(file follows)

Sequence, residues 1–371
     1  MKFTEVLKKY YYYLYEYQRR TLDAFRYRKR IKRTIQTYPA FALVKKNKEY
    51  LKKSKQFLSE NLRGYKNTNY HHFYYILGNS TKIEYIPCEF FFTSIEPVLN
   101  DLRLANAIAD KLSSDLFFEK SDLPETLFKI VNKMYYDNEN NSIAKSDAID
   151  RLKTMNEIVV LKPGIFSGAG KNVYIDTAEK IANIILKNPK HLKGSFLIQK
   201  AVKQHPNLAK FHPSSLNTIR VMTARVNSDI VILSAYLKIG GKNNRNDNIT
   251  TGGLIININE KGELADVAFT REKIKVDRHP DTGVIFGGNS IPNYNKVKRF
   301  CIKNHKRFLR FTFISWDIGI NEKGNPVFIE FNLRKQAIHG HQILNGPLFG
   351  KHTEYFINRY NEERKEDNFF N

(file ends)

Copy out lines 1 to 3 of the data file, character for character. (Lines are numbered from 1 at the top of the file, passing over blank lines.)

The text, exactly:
Sequence, residues 1–371
     1  MKFTEVLKKY YYYLYEYQRR TLDAFRYRKR IKRTIQTYPA FALVKKNKEY
    51  LKKSKQFLSE NLRGYKNTNY HHFYYILGNS TKIEYIPCEF FFTSIEPVLN